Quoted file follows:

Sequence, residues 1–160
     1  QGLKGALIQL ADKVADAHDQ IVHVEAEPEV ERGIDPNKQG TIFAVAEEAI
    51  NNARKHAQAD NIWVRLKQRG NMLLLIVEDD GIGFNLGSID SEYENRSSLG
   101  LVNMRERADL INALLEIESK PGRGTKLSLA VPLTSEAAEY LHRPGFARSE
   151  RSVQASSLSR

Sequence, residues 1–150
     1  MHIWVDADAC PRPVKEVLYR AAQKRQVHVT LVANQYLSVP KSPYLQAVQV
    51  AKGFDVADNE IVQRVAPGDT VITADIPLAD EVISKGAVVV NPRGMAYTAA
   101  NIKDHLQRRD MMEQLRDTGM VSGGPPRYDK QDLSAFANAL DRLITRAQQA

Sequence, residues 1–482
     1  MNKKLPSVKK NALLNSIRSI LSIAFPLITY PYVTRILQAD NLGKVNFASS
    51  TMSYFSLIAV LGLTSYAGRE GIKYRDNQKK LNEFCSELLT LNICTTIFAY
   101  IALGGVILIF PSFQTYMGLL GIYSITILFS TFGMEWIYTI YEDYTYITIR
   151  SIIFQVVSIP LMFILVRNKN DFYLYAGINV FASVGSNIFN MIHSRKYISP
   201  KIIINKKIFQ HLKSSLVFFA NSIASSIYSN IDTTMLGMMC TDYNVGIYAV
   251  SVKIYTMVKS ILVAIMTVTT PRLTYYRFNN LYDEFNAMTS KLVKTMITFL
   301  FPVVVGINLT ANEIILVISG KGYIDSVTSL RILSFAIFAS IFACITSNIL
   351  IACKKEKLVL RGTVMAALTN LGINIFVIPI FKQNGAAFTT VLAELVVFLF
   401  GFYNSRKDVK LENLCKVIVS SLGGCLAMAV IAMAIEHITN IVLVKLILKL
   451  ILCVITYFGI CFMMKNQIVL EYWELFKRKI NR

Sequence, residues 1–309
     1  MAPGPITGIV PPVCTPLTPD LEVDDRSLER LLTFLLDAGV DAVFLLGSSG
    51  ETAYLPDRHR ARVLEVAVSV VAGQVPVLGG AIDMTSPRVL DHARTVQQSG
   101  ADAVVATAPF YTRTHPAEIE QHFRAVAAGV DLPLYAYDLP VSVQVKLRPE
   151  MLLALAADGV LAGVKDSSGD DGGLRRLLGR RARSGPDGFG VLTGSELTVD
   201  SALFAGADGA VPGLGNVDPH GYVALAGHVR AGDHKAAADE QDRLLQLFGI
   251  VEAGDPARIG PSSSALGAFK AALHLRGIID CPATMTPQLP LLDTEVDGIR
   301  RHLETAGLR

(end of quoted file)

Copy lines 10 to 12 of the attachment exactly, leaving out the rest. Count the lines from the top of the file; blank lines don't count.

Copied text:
Sequence, residues 1–482
     1  MNKKLPSVKK NALLNSIRSI LSIAFPLITY PYVTRILQAD NLGKVNFASS
    51  TMSYFSLIAV LGLTSYAGRE GIKYRDNQKK LNEFCSELLT LNICTTIFAY